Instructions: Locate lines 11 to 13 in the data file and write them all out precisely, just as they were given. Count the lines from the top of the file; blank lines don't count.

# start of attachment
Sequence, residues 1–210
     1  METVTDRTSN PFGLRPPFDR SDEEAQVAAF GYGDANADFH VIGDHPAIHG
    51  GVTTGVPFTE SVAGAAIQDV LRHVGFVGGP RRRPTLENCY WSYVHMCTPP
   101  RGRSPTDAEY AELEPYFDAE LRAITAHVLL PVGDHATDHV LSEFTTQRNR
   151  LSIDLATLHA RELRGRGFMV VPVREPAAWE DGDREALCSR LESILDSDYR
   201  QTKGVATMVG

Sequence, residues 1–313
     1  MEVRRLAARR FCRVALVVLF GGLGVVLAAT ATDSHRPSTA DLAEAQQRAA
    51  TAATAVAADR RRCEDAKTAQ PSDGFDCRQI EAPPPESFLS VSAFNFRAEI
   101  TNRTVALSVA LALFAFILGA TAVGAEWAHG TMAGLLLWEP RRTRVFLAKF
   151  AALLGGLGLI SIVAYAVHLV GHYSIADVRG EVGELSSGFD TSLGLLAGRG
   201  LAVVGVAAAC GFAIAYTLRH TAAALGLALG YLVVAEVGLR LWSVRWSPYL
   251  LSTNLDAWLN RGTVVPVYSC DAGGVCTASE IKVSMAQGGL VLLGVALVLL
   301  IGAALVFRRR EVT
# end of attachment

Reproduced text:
   151  AALLGGLGLI SIVAYAVHLV GHYSIADVRG EVGELSSGFD TSLGLLAGRG
   201  LAVVGVAAAC GFAIAYTLRH TAAALGLALG YLVVAEVGLR LWSVRWSPYL
   251  LSTNLDAWLN RGTVVPVYSC DAGGVCTASE IKVSMAQGGL VLLGVALVLL